Cantwell Secures Provision to Increase Affordable Housing Production in COVID Relief Bill
Provision could build more than 130,000 affordable homes in the next decade; more than 6,300 additional units in Washington
WASHINGTON, D.C. – Today, U.S. Senator Maria Cantwell (D-WA) announced the inclusion of a key provision to increase affordable housing production in the COVID-19 relief bill. The provision establishes a permanent 4 percent floor under the Affordable Housing Tax Credit, which will help close the funding gap for affordable housing projects and provide more predictability and flexibility in Housing Credit financing. Cantwell’s provision could increase affordable housing production by at least 130,000 affordable homes over the next 10 years and build more than 6,300 additional affordable housing units in the State of Washington. This would create 170,000 jobs and inject $18.5 billion into the economy. The COVID-19 relief bill also includes a one-month eviction moratorium and $25 billion for rental assistance, of which Washington state will receive $508,706,000.
The Affordable Housing Tax Credit (also called the Low Income Housing Tax Credit, or LIHTC) is responsible for funding 90 percent of the federally-funded affordable housing construction in our country, and has financed over 3 million affordable homes, including nearly 75,000 in Washington state, since its creation in 1986. The number of affordable housing units the Affordable Housing Tax Credit has built in each Washington state county can be found here.
“Establishing the 4% floor for the Affordable Housing Tax Credit could help us build more than 6,000 additional affordable housing units in the State of Washington and more than 130,000 affordable homes across the nation in the next decade,” said Senator Cantwell. “It will help close the funding gap for affordable housing projects and provide more predictability and flexibility in Housing Credit financing, which in turn will allow developers to target more affordable rental apartments to those who need it most—including extremely-low income households. This bill is a significant step forward in the fight against the affordable housing crisis.”
When the Housing Credit was created in the Tax Reform Act of 1986, Congress set the Housing Credit rate at 4 percent for the acquisition and rehabilitation, or new development, of affordable housing financed by multifamily housing bonds. The credit rate determines how much Housing Credit equity can go into a particular project. However, the actual Housing Credit rates in the market fluctuate according to a formula related to federal borrowing rates. Cuts to federal borrowing rates have dropped interest rates to all-time lows, and as a result, the Housing Credit rates have sunk —the “4 percent” rate is now actually between 3.07 and 3.09 percent in the market.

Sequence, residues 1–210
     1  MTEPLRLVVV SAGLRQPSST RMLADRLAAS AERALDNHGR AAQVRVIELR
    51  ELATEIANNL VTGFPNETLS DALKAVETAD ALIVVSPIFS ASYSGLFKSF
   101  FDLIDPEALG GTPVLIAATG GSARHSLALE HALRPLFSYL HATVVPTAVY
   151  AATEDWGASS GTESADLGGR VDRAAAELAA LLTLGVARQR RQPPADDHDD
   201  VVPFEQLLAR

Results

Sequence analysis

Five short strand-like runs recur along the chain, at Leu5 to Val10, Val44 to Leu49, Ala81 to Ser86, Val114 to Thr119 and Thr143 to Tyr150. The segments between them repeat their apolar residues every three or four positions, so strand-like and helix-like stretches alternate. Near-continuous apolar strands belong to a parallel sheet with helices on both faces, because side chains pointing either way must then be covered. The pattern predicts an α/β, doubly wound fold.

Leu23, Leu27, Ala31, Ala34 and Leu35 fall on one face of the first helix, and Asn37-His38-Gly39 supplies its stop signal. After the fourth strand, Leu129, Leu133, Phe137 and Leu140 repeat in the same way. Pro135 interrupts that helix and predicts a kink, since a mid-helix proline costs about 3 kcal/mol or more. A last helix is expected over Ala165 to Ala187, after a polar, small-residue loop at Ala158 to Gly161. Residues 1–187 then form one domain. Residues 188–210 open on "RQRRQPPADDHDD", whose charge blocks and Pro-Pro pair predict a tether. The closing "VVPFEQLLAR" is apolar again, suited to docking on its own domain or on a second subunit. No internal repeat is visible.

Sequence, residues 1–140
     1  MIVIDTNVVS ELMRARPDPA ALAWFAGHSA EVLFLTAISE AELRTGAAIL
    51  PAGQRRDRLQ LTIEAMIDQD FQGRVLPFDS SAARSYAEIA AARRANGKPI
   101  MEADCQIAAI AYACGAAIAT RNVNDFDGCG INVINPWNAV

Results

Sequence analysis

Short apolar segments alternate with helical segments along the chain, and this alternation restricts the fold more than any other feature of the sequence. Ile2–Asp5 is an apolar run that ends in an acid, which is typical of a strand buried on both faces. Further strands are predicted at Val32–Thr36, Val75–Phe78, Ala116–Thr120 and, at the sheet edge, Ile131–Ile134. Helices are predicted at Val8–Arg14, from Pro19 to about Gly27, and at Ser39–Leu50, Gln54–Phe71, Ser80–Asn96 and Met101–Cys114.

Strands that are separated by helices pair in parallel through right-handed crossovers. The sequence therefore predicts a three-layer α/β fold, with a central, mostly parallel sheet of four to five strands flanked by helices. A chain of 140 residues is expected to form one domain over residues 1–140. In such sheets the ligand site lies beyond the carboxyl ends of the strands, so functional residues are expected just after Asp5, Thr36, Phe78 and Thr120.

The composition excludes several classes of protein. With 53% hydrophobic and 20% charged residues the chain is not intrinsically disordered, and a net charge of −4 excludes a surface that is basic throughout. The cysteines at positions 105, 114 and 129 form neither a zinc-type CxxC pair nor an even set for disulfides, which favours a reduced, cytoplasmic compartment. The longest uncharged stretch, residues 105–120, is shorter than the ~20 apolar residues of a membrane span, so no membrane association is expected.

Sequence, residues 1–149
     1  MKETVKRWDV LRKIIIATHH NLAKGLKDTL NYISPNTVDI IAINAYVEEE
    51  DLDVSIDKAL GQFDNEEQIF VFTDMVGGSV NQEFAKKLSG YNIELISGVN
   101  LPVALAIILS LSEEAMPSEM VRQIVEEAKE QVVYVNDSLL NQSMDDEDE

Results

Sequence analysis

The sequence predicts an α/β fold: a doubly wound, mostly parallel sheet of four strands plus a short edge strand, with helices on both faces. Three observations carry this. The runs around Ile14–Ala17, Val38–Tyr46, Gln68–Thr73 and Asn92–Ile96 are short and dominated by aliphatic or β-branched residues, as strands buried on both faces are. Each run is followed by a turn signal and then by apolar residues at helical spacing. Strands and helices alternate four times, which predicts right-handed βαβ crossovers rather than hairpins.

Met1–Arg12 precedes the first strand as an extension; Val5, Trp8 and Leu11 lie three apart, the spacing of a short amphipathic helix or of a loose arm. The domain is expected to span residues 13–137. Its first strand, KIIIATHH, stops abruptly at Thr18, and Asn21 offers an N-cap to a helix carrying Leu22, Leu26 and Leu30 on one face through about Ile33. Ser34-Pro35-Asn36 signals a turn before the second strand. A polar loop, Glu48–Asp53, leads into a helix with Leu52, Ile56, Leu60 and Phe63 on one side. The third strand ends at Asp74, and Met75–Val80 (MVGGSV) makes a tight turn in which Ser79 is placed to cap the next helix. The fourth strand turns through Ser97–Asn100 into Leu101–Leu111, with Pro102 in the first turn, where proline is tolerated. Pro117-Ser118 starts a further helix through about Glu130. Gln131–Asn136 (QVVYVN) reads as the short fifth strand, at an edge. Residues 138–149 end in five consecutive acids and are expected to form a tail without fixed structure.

This means that there is roughly 23 percent less equity per development than Congress originally intended, which has led to less investment in affordable housing. Providing a floor under the 4 percent Affordable Housing Tax Credit will help close the funding gap and provide more flexibility and predictability in Housing Credit financing.
More than 221,000 Washingtonian households are “extremely low-income”—meaning their incomes are at or below the poverty level or 30% of their area median income—and 72% of those households spend more than half of their incomes on housing, according to a report by the National Low Income Housing Coalition. There are only 31 available affordable rental homes for every 100 extremely low-income renter households in Washington state.
Senator Cantwell has been a longtime champion of the need for more affordable housing. In June, Cantwell introduced legislation that would preserve and expand affordable housing amid the COVID-19 pandemic and economic crisis and build more than 500,000 new affordable housing units. In 2019 she introduced the Affordable Housing Credit Improvement Act to expand and strengthen the Affordable Housing Tax Credit and better serve at-risk-and underserved communities, and she joined housing advocates around Washington state and throughout the country in a push to improve and expand the credit. And in 2018, Cantwell successfully secured a nearly $3 billion down payment toward addressing the affordable housing crisis, helping to build over 28,000 units and support an additional 32,000 jobs.
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